Skip to main content
  • Research Article
  • Open access
  • Published:

Spatial-temporal analysis of pulmonary tuberculosis in the northeast of the Yunnan province, People’s Republic of China



The number of pulmonary tuberculosis (PTB) cases in China ranks third in the world. A continuous increase in cases has recently been recorded in Zhaotong prefecture-level city, which is located in the northeastern part of Yunnan province. This study explored the space-time dynamics of PTB cases in Zhaotong to provide useful information that will help guide policymakers to formulate effective regional prevention and control strategies.


The data on PTB cases were extracted from the nationwide tuberculosis online registration system. Time series and spatial cluster analyses were applied to detect PTB temporal trends and spatial patterns at the town level between 2011 and 2015 in Zhaotong. Three indicators of PTB treatment registration history were used: initial treatment registration rate, re-treatment registration rate, and total PTB registration rate.


Seasonal trends were detected with an apparent symptom onset peak during the winter season and a registration peak during the spring season. A most likely cluster and six secondary clusters were identified for the total PTB registration rate, one most likely cluster and five secondary clusters for the initial treatment registration rate, and one most likely cluster for the re-treatment registration rate. The most likely cluster of the three indicators had a similar spatial distribution and size in Zhenxiong County, which is characterised by a poor socio-economic level and the largest population in Yunnan.


This study identified temporal and spatial distribution of PTB in a high PTB burden area using existing health data. The results of the study provide useful information on the prevailing epidemiological situation of PTB in Zhaotong and could be used to develop strategies for more effective PTB control at the town level. The cluster that overlapped the three PTB indicators falls within the geographic areas where PTB control efforts should be prioritised.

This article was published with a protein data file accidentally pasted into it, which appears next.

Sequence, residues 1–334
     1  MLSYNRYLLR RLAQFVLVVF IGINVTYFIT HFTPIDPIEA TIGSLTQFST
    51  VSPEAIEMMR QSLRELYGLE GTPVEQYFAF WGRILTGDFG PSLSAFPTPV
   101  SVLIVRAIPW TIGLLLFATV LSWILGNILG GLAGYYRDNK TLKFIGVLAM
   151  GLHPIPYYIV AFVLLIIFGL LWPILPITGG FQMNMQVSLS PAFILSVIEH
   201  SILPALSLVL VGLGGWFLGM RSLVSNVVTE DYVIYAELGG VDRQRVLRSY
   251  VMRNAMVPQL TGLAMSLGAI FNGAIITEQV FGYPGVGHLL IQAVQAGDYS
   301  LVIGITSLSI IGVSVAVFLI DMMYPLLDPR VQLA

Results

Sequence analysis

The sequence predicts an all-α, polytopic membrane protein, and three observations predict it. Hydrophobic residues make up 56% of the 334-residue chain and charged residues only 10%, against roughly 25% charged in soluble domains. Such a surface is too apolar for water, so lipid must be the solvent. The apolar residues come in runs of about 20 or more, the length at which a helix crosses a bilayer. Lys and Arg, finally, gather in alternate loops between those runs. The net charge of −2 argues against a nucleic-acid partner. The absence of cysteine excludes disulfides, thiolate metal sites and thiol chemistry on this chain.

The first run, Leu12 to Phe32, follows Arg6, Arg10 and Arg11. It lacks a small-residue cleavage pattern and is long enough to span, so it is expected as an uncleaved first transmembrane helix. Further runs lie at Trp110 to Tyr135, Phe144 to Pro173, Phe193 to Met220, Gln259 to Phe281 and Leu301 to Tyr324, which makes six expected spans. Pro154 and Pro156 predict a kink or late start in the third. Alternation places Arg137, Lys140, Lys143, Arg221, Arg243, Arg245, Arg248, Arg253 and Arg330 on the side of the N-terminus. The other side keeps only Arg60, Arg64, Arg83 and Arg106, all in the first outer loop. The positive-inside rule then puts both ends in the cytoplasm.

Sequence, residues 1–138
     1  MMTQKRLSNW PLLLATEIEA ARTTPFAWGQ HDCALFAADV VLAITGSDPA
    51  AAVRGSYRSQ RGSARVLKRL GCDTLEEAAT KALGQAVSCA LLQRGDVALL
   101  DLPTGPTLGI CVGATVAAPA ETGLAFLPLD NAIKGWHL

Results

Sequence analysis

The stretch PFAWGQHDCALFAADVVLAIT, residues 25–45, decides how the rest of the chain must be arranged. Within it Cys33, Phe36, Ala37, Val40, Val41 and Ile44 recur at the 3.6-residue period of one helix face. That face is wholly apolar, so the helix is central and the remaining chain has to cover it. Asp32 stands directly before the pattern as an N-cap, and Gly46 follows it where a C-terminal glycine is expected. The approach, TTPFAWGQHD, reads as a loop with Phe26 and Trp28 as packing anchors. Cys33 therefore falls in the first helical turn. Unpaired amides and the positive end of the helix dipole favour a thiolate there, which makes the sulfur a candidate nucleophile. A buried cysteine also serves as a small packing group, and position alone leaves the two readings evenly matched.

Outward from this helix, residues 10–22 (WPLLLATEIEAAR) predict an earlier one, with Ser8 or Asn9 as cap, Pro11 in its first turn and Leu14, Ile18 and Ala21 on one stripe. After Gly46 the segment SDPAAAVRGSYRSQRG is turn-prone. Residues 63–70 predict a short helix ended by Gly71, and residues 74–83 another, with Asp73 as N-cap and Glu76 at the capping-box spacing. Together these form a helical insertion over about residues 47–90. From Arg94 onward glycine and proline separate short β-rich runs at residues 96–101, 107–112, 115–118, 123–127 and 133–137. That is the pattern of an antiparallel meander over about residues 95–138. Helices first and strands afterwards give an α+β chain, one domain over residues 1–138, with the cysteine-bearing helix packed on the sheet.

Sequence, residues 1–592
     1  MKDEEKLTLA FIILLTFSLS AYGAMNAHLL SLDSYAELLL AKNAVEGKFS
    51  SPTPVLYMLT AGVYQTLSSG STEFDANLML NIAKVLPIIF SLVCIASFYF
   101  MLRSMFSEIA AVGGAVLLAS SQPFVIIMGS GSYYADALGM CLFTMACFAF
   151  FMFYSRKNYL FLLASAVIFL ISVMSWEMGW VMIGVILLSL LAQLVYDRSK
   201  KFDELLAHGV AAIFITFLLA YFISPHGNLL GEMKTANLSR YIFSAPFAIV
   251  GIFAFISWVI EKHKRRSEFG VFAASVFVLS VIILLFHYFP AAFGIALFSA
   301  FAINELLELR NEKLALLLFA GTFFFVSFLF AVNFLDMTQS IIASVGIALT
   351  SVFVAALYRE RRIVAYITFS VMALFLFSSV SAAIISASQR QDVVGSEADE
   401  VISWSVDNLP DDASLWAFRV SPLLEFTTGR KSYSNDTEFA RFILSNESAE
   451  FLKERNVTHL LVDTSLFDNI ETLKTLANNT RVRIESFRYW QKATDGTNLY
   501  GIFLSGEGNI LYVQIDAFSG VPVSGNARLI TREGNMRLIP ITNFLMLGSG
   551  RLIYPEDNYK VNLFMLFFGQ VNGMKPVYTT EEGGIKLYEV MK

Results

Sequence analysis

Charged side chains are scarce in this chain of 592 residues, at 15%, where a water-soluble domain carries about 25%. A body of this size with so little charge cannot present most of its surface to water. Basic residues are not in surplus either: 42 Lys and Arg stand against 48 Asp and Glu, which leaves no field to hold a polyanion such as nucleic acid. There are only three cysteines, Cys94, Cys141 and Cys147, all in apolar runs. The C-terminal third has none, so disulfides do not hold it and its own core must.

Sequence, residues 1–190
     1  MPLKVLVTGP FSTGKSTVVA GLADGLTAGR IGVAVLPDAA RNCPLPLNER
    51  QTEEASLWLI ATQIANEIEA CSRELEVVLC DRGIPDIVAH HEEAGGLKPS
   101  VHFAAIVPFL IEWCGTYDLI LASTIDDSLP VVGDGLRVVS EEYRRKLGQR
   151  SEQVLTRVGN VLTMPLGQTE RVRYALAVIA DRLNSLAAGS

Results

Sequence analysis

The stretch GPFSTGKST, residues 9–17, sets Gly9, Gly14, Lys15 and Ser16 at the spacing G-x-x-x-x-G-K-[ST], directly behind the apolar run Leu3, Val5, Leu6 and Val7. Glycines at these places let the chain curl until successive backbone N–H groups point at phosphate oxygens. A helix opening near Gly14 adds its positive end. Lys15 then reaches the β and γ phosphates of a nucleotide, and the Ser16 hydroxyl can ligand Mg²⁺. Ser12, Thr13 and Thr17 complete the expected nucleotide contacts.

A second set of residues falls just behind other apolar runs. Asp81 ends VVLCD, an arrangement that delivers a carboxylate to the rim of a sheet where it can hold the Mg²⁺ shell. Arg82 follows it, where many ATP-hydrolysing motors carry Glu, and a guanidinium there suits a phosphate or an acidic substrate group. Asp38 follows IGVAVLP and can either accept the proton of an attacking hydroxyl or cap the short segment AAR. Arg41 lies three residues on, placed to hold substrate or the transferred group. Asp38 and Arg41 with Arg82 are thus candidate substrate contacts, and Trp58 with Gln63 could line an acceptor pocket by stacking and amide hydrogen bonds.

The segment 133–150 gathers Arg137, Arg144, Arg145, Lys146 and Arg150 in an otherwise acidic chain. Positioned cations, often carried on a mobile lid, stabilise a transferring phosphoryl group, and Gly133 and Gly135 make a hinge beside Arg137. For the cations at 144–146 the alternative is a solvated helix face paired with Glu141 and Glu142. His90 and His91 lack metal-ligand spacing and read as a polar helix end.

Tuberculosis (TB) is an infectious disease caused by the bacteria Mycobacterium tuberculosis. Pulmonary tuberculosis (PTB) is a result of an attack on the lungs by Mycobacterium tuberculosis. Tuberculosis continues to be a major public health problem in China with an estimated one million incident cases reported which alone contributed 11% to the global TB incident in 2010 [1]. Therefore, the Chinese national authorities established the 12th five-year National TB Control Programme in 2011 to effectively control TB. The implementation of the integrated control strategies has helped control the burden of PTB in China during the last 5 years. However, a continuous increase of the PTB burden has recently been observed in Yunnan province, especially in Zhaotong prefecture-level city.

The number of active PTB cases in Zhaotong is ranked highest in Yunnan and contributes almost one-quarter of the provincial registered cases yearly [2]. The epidemic disparity of PTB between Zhaotong and other cities in Yunnan appears to follow an increasing trend yearly. The notification rate of PTB in Zhaotong is twice and four times higher than the rate reported for the province and for Yuxi city, which has the lowest notification rate in Yunnan, respectively [2].

The use of spatial-temporal cluster analysis has been applied for the detection of infectious disease hotspots in recent years [3,4,5]. It has also been successfully used for the identification of TB clusters, with meaningful results yielded [6,7,8]. Previous studies have shown that PTB is an airborne infectious disease with spatial and temporal heterogeneous distribution, and it is believed that a better understanding of the spatial epidemiology of PTB will help guide policymakers and different stakeholders to formulate effective regional prevention and control strategies [9,10,11].